A woman who works for a non-governmental organization (NGO) forms a special relationship with a young boy in war-torn Chechnya.
Cannes Film Festival 2014 Nominated Palme d’Or Continue reading
Set in Sweden in 1782. Jacob, a young nobleman (Per Oscarsson) returns from France to his home and cherished sister Charlotte (Bibi Andersson) who is engaged to Baron Alsmeden (Jarl Kulle). The siblings close relationship becomes incestuous and with fear that the disclosure of Charlotte’s pregnancy will make society view them as libertines, the lovers ultimately choose to part. Jacob decides to leave the country and Charlotte is left to marry the Baron, but it is too late to prevent the final tragedy. Continue reading
The Inguri River forms a natural border dividing Georgia from Abkhazia. Tensions between the two nations have not abated since the war of 1992–93. Every spring, the river brings fertile soil from the Caucasus down to the plains of Abkhazia and northwestern Georgia, creating tiny islands. The islands are havens for wildlife and occasionally also for local peasants who find them perfect for the cultivation of a crop to supplement their income.
This long-awaited, fable-like drama from writer-director Ovashvili (The Other Bank, VIFF 08) captures the inexorable cycle of life in this harsh place. One such cycle begins when an old Abkhaz farmer sets foot on one of the islands. The man builds a hut for himself and his teenage granddaughter. He ploughs the earth and they sow what is soon to become a truly amazing corn crop. As his granddaughter blossoms into womanhood and the corn ripens, border patrol boats from the two nations frequently pass, reminding us and them of the dangers of cultivating in no-man’s land. Before long, the girl finds a wounded Georgian soldier hiding among the stalks… Continue reading
This 1971 adaptation of L.P. Hartley’s novel was the third and final collaboration between Joseph Losey and Harold Pinter, and is often seen as the least successful.
It is the story of a young boy, Leo (Dominic Guard), who spends a hot summer holiday with his friend Marcus’ (Richard Gibson) upper-class family at their country house, unwittingly becoming embroiled in a forbidden love affair between the daughter and a local farmer. The Go-Between mirrors several of the themes of Losey and Pinter’s previous projects, The Servant (1963) and Accident (1967). Dwelling on themes of class, loss of innocence and our relationship to the past, the novel is well suited to Losey’s cold, detached style and Pinter’s subtle, allusive language. Continue reading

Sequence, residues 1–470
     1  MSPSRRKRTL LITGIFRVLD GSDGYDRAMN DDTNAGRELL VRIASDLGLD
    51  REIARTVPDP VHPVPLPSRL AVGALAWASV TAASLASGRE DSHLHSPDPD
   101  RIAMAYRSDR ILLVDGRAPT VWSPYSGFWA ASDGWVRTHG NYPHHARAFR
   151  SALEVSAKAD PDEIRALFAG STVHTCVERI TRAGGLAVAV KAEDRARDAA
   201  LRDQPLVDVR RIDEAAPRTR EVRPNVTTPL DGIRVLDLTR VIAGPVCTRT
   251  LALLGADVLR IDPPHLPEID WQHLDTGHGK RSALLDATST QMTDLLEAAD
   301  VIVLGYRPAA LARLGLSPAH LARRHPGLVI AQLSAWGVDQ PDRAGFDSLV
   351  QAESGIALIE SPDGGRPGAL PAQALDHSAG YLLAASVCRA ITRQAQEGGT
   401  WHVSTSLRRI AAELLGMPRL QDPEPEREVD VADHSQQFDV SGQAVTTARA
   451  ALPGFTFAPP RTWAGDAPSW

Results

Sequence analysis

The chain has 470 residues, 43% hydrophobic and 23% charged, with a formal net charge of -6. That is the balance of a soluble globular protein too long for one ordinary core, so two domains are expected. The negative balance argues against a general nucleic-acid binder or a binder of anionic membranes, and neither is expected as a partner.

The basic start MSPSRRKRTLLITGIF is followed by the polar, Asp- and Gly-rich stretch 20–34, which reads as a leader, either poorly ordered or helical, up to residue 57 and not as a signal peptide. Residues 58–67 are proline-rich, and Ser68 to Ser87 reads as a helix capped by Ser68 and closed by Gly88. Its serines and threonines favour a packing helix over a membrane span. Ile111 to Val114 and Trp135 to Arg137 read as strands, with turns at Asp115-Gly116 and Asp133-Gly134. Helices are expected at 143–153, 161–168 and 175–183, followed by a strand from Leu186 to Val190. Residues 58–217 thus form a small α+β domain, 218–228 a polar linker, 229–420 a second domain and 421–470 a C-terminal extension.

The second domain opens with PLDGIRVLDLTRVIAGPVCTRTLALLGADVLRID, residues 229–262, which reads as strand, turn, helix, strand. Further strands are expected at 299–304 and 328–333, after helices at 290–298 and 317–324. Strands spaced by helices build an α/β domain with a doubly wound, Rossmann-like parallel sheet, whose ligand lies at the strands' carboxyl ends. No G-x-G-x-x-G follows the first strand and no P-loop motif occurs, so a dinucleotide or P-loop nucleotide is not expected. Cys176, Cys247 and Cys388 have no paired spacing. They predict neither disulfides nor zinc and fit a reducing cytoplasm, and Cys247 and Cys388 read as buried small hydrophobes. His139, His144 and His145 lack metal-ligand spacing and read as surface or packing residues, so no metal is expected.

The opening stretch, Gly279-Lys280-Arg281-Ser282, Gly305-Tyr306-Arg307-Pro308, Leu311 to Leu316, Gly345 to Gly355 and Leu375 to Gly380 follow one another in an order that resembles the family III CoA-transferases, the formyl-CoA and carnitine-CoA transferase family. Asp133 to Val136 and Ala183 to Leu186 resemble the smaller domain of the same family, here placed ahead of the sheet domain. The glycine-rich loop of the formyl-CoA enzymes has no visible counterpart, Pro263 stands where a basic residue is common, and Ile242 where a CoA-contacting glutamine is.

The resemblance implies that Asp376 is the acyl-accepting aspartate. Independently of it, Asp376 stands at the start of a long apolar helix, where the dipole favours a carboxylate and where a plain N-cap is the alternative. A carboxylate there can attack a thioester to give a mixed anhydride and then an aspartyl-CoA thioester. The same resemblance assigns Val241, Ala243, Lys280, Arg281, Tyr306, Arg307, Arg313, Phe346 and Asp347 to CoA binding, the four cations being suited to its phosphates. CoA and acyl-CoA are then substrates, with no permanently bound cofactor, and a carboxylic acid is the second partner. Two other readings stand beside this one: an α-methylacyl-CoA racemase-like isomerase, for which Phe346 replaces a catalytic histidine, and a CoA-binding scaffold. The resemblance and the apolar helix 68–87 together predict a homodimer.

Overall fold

A young woman excuse his father’s funeral to find a neighbor rather charming , and try to understand why she interrupted the love relationship began with him a few months earlier. They end and replay the scene where his cop prevented their history started. They try it , wrestle , grapple , while approaching . They rub , bump against each other and have fun to talk with as fancy as gravity , and into a struggle more and more physical. They will eventually bind to each other during daily sessions that look like a game. Beyond their verbal sparring , the confrontation becomes a necessity to try to find a curious ritual that they can not escape .dropoff window Gradually, obviously it will take something frees them so that these struggles are finally became a real struggle for love. Continue reading
“Everything about being indie is tied to not being black,” says Micah (Wyatt Cenac), half of the accidental kind-of couple whose one-day romance is chronicled in “Medicine for Melancholy.” He is making an observation — and also registering a complaint — about the quasi-bohemian way of life he shares with Jo’ (Tracey Heggins), his temporary other half. It bothers Micah that their embrace of the folkways of urban hipsterism seems to require the suppression of their African-American identity.
But his words, which Jo’ doesn’t quite agree with, also suggest a degree of self-awareness, and self-questioning, on the part of Barry Jenkins, who wrote and directed this small, incisive film. Most recent movies about culturally savvy, affectless 20-somethings hooking up and being cool are very much tied to not being black. They are about diffident, underemployed white boys and the women who (sometimes inexplicably) go to bed with them. Continue reading
At the time of the Egyptian crisis, Ahmad Mustafa, an economic and political analyst from Egypt, finds an opportunity to travel to Iran to meet and talk Sunni people; an 11000 kilometer journey; a memorable visit, from the country’s most important decision-making centers to its most outlying border areas, from the green strands of the Caspian Sea forests to the Khorasan and Baluchistan desert areas and the high mountains of Kurdistan. On this journey he hopes he will know the real Iran, a country frequently misrepresented by Western and Arab media. How Sunni Muslims live in a Shiite country? That’s the question that’s brought Ahmad Mustafa to Iran. Continue reading